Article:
Pork producers in the U.S. have been scared of a potential domestic outbreak of the infamous African swine fever. The disease, which has already decimated pig herds in China, has led to a shortage of pork in the country, alongside a drastic reduction in demand for pork feed, which is predominantly shipped from U.S. farmers.
With the Chinese government failing to stop the onslaught of the disease, new economic research has warned that the increased food prices resulting from the diseased pork could drive up inflation in emerging economies all around the world.
Outbreaks of the swine fever have recently spiked in China, where the government said in April that it killed over a million pigs in an effort to keep the outbreak under control. However, some experts suspect that the true number of hogs killed to be drastically higher, closer to the 100 million range.
Pork prices in China are expected to spike 78 percent by 2020, while prices of other meat products also are expected to surge as available sources of alternative protein supplies get redirected to the country, which already consumers around 28 percent of the world’s meat.
However, other countries have been seeing outbreaks as well. Japan, Australia, various Southeast Asian countries, and even European nations like Poland and Russia have been seeing outbreaks. As food prices spike, many of these nations are vulnerable to significant increases in inflation.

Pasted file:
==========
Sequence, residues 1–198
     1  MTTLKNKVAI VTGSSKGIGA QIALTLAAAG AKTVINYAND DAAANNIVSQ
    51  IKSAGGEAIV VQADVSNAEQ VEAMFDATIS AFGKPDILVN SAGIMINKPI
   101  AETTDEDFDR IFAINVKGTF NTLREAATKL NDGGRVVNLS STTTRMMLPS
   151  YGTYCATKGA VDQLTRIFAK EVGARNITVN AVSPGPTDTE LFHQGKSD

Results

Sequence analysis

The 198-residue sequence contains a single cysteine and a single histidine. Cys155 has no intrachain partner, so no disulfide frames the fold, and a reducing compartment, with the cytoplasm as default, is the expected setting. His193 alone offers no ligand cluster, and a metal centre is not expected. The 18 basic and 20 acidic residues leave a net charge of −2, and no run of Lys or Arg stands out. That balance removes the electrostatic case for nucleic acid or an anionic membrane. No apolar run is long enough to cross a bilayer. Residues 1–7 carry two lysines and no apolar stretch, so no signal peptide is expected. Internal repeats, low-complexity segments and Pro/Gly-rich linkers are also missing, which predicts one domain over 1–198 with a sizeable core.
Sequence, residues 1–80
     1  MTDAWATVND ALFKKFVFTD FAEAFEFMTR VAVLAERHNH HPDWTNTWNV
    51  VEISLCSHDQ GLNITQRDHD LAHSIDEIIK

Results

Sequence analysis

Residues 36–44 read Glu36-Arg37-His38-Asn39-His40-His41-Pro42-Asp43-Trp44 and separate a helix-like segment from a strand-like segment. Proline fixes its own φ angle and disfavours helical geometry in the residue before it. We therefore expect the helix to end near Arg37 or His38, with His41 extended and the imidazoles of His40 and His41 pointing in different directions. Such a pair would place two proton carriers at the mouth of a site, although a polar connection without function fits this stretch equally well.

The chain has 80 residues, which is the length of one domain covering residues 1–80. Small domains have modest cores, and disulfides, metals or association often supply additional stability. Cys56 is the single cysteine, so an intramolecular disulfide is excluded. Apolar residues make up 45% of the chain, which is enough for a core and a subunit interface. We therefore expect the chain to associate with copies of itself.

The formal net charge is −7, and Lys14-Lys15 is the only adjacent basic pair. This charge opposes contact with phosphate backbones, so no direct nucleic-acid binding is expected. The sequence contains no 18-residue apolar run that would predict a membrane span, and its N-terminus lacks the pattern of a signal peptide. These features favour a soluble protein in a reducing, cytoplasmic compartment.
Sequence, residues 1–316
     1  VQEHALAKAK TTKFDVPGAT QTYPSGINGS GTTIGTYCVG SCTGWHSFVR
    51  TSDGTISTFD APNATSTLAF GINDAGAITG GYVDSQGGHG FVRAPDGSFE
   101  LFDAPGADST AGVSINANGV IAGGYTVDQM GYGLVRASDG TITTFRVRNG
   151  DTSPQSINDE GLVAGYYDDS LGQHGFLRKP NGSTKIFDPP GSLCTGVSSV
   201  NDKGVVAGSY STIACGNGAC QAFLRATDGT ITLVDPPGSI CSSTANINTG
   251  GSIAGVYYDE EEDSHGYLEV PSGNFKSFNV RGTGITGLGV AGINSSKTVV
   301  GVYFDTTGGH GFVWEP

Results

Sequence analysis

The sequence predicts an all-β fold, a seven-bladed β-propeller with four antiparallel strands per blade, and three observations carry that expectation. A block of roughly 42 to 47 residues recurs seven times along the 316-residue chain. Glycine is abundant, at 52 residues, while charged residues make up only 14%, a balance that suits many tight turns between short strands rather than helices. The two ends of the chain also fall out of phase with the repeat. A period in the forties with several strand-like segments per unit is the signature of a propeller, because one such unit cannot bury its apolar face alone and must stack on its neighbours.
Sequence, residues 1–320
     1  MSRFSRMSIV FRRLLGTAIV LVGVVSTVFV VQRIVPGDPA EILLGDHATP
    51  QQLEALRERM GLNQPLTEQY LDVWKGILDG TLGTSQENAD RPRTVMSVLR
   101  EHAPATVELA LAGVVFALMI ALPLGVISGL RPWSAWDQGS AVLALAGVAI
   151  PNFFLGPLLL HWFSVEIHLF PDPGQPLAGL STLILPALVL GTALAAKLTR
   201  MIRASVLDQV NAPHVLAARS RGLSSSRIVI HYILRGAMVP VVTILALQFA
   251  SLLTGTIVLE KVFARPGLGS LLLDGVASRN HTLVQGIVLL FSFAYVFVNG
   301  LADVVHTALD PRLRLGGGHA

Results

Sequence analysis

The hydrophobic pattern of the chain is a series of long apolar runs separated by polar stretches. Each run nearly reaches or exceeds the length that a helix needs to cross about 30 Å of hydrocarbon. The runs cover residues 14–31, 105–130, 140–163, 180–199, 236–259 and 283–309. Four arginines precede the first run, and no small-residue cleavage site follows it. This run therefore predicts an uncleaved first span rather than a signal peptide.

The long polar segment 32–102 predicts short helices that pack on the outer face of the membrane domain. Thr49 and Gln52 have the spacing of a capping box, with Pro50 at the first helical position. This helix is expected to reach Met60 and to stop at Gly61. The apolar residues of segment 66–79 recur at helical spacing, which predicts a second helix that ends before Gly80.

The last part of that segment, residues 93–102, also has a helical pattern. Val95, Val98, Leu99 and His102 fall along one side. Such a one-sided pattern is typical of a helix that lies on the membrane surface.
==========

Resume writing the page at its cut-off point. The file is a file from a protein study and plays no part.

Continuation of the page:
“The most obvious channel through which this will impact (emerging markets) is via higher inflation,” wrote James Swanston, assistant economist at Capital Economics, in a note with clients. “If the disease spreads and increases in severity, it would probably make a notable contribution to inflation in parts of Asia … and Eastern Europe.”
Swanston specifically singled out Taiwan, Cambodia, Vietnam, Russia, Poland, and Romania as being vulnerable to this inflation surge, all countries where pork is a large part of the consumer price index basket. On average, these countries have pork constituting 2 overall of the index, whereas most countries have pork prices contributing less than 1 percent overall.
Other markets, such as the U.S. soybean sector, have been impacted as well. With declining pig populations around the world consuming less food, various types of oilseeds used as feeds for hogs will fall.
The biggest risk for soybean farmers, however, would be a situation in which China switches from pork to other meat sources, like poultry, due to the outbreak and resulting shortage in hogs. With chicken feed requiring less protein, demand for soybeans and corn would fall drastically.
Trade tensions between the U.S. and China have already impacted soybean imports significantly, but the ongoing swine fever promises to have a much bigger impact than tariffs possibly could. Potentially the worst situation, however, would come from a domestic outbreak in the U.S.
Noel White, CEO of one of the largest meatpacking companies, Tyson Foods, warned earlier in March that an outbreak could reach the U.S. Under such a situation, it wouldn’t be surprising to see a majority of the American hog supply could be killed or culled in an effort to stop the outbreak, a nightmarish scenario for meat producers.